Most of the contributors mentioned that they follow and implement the latest guidelines for dental settings. More than half of them believed that the standards in that regard must be reformed. The guidelines may differ in different regions of the world according to their facilities and supplies. Though, we believe that a comprehensive worldwide instruction must be provided for dental settings to minimize the risk of infection effectively. A significant number of participants mentioned that they do not perform any non-emergency procedures, and they have lowered their work hours to minimize the spread of the virus. In our study, several suggestions have been made regarding dental practice guidelines such as reducing the treatment sessions, emphasis on preventive care, triaging patients for the related symptoms, conducting COVID-19 tests for the referred patients, and proper use of PPE. Some participants considered that the reopening of the dental clinics for non-emergency cases might increase COVID-19 incidence, and the offices should be closed until the end of the pandemic.
The global health care systems have already been overwhelmed with infectious and potentially infectious patients. Effective use of PPE, including gowns, gloves, face shields, goggles, and face masks, is an essential regulation for preventing the spread of the virus to and from health-care providers and patients. While the rapid enhance of demand for PPE resulted in the shortage of these supplies all around the world (17).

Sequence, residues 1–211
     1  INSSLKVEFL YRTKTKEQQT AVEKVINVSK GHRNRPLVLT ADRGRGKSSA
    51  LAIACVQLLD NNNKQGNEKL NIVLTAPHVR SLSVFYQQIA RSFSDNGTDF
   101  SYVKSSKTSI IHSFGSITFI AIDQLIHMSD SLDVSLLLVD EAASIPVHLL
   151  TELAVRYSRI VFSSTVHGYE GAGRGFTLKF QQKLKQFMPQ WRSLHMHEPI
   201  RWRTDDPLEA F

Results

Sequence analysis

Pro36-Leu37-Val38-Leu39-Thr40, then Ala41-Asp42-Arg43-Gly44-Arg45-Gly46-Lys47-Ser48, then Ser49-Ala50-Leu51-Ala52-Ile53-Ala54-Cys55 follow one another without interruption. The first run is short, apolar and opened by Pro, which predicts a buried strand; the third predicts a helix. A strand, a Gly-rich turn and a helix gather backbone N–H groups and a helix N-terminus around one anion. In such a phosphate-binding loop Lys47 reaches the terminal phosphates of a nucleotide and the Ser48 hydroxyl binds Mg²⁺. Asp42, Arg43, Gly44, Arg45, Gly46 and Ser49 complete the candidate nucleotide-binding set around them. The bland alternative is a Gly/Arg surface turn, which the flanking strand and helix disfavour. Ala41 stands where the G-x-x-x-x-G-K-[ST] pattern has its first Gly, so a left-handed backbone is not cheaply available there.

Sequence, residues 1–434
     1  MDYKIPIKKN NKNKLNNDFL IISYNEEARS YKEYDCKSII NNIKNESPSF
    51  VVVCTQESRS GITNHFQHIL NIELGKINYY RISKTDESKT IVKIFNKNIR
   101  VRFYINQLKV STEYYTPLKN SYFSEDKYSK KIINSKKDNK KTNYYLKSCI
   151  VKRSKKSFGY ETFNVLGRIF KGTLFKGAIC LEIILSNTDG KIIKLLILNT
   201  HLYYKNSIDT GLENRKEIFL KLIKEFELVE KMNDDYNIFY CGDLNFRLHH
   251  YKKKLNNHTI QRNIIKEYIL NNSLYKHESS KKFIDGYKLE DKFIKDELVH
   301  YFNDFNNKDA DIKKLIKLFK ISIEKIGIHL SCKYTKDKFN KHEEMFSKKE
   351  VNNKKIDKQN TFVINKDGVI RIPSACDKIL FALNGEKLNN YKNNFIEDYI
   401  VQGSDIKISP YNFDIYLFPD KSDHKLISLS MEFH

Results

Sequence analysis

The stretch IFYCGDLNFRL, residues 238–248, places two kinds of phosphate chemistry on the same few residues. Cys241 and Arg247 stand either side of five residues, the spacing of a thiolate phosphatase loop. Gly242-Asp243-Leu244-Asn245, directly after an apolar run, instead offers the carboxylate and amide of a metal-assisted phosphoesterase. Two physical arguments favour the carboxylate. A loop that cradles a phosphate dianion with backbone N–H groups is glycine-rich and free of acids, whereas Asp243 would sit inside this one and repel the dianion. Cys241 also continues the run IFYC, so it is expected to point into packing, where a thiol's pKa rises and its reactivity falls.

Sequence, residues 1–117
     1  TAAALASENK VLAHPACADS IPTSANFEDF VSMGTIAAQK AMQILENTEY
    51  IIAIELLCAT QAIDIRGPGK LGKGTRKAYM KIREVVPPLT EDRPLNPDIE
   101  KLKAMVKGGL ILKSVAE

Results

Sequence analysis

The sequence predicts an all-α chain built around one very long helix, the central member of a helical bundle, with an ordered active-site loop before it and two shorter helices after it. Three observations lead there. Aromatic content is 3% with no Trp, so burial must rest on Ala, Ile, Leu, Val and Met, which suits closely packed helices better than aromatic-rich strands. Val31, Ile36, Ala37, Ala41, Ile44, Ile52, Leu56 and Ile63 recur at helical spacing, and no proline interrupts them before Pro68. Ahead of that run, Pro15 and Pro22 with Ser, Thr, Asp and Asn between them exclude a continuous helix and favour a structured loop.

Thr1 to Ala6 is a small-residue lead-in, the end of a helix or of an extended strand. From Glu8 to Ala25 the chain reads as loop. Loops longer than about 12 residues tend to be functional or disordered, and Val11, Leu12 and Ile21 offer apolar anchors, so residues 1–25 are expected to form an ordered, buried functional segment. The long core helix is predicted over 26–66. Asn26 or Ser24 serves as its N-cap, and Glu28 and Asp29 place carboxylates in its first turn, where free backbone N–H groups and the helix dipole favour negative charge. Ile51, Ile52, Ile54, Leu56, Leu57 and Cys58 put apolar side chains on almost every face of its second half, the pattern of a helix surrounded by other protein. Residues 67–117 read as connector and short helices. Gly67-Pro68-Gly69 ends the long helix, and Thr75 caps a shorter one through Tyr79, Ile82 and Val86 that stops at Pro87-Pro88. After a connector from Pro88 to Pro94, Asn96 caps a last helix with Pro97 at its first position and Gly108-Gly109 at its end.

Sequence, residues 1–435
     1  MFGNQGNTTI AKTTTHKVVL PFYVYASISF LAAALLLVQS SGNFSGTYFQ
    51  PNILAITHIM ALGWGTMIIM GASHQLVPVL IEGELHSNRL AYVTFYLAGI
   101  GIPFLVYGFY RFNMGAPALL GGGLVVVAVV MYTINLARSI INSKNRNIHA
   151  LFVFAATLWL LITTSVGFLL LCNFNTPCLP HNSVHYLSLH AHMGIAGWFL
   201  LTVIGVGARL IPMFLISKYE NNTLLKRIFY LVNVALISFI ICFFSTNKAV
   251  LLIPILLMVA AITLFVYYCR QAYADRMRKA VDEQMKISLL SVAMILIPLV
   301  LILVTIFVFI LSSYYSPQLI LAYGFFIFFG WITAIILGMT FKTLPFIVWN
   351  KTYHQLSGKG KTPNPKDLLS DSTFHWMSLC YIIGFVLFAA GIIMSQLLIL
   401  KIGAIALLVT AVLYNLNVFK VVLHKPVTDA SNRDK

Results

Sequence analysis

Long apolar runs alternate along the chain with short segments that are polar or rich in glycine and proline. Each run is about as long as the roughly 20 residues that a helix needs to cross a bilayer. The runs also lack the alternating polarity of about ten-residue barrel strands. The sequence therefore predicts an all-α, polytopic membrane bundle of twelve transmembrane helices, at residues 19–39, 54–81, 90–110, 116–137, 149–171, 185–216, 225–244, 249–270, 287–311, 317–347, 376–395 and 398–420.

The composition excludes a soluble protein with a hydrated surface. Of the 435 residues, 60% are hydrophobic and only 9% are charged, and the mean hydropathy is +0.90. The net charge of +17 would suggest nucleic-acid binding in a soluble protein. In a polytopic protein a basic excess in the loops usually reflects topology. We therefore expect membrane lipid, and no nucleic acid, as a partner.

The majority of the participants have asserted that the consumption of PPE had been significantly raised, and more than half of them had trouble finding facemask since the COVID-19 outbreak. Furthermore, they reported that the price of personal protective equipment (PPE) had been significantly raised, which could be a sign of shortage. No public organization did not help the participants to provide this equipment due to the lack of support from insurance companies.
A significant number of the participants had financial problems caused by their lowered work hours and restricted dental procedures. More than half of them have been expending their saves for daily expenditure. Still, a small number of them have received financial help from public organizations. These results indicate that the related organizations must increase their efforts to fund the dentists and their assistants during these unprecedented times. Should not providing the support funds for the dental care workers, by persisting the COVID-19 pandemic, the number of workers that encounter financial problems will increase.
It has been noted that the health-care workers are encountering far more emotional stress comparing to the general population, during the COVID-19 pandemic (18, 19). Increased workload, fear of being infected with the disease, working with repeatedly changing protocols, usingPPE, and caring deteriorating patients are found to be the main concerns among the medical staff during the pandemics. Moreover, difficult decisions should be made by the workers during the pandemics as the resources are limited. Our study also showed that about half of the participants had symptoms of depression and anxiety. They also mentioned that they need to consult with a psychiatrist or a therapist.